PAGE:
Falling Waters State Park Hike Route Map

Falling Waters State Park

Florida is known for a stunning variety of natural wonders. Pristine beaches, turquoise springs, coral islets, and vast swamplands...all are likely conjured when imagining an excursion into the backcountry of the Sunshine State. Waterfalls though? Not so much. In which case it may surprise you that Florida is indeed home to a handful of cascades…one of which measuring a very respectable 73 feet in height! Tucked just off Interstate 10, about midway between Tallahassee and Pensacola, the aptly-named Falling Waters State Park is where you’ll find this unexpected wonder. The waterfall itself is unnamed and owes its existence to the porous limestone bedrock of the region. Over the millennia subterranean erosion has resulted in numerous sinkholes and caverns forming across the landscape. At some point in the past one such sinkhole, 20 feet wide and 100 feet deep, opened up directly in the path of Branch Creek resulting in the delicate but impressively tall cascade you see today. In addition to the waterfall the State Park encompasses 170 acres of pine forest, swampy lowlands, and a man-made lake. Agreeably, a small but adequate network of trails crisscross the park as well…one that can accommodate all skill levels. Though a short handicapped-accessible trail provides the quickest route to the waterfall, on this visit we managed to plot a route a bit longer and more comprehensive.

We decided to start from the north end of the park where the Terrace Trail departs the Pine Ridge Campground. Unfortunately there’s not much in the way of parking at this trailhead, which leads me to believe it may not be one the park intends for use by anyone other than nearby campers. Either way, make sure to not block the road when you find a spot to pull off.  The trailhead is clearly marked with a large wooden kiosk with a map and info on the park.  The Terrace Trail quickly enters a pure stand of pine with clear signs of recent fire interspersed among the widely spaced trees.  The trail makes a winding journey down a fairly significant hillside before arriving at the north shore of Turtle Lake about a quarter-mile later.  The trail then veers around the east side of the lake and passes by the small beach area at around the 1/3-mile mark.  Turtle Lake is a small man-made body of water that not only serves as a recreational focal point for the park but its spillway assures a steady and reliable flow of water for the cascade downstream.  It's here alongside the beach where the loop portion of this lollipop-style hike begins.

From the beach continue heading south as the path, now called the Wiregrass Trail, curves around the lower end of the park.  You'll start seeing signs pointing you towards the waterfall at this point which should help keep you heading in the right direction.  Leaving the lake the trail now begins to follow a long series of boardwalks which lead to and around the nearby waterfall.  Another quarter-mile from the lake a series of steps is reached which lead down to a short spur into the sinkhole where the falls are located.  Even if you've seen pictures I doubt you'll be prepared for what you see.  The delicate strands of water tumbling from the shear sides of the sinkhole deep into the earth below is an incredibly beautiful and almost bizarre sight.  It's certainly not your typical Florida scene.  Once you've enjoyed the waterfall for a while the loop continues by climbing up around the wide rim of the sinkhole containing it and soon comes to a potentially confusing junction.  To the right, upon arrival, the short Sinks Trail leads over to a pair of large neighboring sinkholes...though these are very much dry.  Walking uphill form the junction you'll soon arrive at the main parking area for the waterfall.  To continue the loop bear left and follow the dirt road back north towards the parking area for the Turtle Lake beach.  Upon arriving at said parking area a quarter-mile later, follow the winding concrete (ADA accessible) path back down to the beach to complete the loop.  A right turn will take you the 1/3-mile back uphill to the campground.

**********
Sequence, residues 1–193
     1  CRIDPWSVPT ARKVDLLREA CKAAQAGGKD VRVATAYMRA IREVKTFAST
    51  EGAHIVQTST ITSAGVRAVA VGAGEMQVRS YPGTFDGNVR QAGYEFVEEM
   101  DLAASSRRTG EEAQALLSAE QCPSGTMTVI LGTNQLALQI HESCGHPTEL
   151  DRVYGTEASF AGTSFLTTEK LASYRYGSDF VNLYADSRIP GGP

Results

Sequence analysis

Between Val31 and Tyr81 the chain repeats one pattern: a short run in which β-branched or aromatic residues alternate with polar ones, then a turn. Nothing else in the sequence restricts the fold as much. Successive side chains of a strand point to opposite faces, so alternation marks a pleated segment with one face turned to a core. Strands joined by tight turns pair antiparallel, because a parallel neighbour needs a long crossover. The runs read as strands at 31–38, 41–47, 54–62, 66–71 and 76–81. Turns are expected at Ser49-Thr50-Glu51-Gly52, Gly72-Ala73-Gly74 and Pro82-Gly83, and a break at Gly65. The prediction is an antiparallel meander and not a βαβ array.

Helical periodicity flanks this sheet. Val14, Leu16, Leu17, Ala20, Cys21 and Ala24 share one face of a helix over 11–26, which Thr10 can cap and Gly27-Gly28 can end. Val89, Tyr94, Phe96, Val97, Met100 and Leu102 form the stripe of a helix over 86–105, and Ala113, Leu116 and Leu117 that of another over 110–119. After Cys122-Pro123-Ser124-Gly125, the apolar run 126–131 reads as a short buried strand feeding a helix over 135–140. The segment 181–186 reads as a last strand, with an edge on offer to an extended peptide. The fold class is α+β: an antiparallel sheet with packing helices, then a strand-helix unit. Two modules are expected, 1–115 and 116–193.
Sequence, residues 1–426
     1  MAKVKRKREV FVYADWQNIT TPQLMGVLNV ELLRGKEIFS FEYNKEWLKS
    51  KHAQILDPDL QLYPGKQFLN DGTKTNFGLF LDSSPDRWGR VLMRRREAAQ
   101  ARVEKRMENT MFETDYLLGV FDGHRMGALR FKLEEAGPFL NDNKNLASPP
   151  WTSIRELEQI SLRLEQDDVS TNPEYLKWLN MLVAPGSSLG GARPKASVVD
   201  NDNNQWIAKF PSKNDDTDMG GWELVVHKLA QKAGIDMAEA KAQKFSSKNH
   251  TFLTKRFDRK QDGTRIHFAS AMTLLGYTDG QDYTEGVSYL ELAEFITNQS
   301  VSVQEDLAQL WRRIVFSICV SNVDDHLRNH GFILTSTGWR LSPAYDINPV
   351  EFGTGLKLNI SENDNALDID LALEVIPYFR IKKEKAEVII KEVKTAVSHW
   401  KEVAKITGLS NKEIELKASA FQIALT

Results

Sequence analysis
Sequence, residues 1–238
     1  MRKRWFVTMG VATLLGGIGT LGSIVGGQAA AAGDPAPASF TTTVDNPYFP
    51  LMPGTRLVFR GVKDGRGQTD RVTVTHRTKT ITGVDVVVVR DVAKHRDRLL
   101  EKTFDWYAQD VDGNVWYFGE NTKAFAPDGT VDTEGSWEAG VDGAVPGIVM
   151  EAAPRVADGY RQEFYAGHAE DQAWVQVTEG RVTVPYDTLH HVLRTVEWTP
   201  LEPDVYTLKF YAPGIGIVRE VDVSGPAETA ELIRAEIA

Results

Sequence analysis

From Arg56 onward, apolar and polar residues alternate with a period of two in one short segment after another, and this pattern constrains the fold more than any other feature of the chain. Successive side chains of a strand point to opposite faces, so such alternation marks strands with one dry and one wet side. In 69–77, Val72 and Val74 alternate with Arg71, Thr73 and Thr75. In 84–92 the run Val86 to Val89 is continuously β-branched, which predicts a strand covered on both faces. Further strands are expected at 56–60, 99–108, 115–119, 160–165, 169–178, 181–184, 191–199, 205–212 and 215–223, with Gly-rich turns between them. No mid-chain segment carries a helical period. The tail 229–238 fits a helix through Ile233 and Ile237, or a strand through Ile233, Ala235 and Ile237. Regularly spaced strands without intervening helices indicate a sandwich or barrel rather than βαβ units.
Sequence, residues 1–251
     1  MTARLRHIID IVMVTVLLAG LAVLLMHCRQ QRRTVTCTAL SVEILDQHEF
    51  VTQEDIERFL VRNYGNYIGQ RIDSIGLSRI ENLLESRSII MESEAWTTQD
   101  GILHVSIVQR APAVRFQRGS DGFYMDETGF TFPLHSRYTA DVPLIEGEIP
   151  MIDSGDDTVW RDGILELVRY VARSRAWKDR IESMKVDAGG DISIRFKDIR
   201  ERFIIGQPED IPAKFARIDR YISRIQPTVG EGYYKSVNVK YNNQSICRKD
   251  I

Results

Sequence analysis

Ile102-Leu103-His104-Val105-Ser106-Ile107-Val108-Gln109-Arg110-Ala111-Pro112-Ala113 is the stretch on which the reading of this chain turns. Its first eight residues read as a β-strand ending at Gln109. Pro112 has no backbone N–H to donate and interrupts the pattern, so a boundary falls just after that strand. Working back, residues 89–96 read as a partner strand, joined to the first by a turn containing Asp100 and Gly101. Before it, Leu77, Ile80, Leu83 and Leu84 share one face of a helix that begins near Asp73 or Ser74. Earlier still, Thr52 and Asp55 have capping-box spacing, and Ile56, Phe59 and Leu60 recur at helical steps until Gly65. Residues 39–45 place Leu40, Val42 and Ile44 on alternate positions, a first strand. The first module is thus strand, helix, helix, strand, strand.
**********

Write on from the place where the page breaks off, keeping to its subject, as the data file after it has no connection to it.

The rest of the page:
Overall this was a fantastic little hike.  There's a decent amount of elevation change along the way, which provides a mild workout, and the variety in scenery along the way is impressively varied.  Even if you don't have the time to do the entire hike described here you should definitely still stop and make the quick jaunt down from the main parking area to see the falls.  There's quite literally nothing else like it in the state!  With that said it's now my great pleasure to present you with a quick walk around Falling Waters State Park, home of the tallest waterfall in Florida...as always I hope you ENJOY!!         


Trailhead GPS Coordinates:  30.730188, -85.532845


Route Type:  Lollipop                 Difficulty:  EASY

Hike Length:  1.6 miles                Hike Duration:  1:00

Trailhead Temp:  70'F                 Trail Traffic:  10-25 people

Min. Elevation:  2,700'                  Max. Elevation:  3,114'

Total Vertical Gain:  525'             Avg. Elevation Gain / Mile:  147'


Trails Used (blaze color):  Sinks (unblazed), Terrace (unblazed), Winegrass (unblazed)


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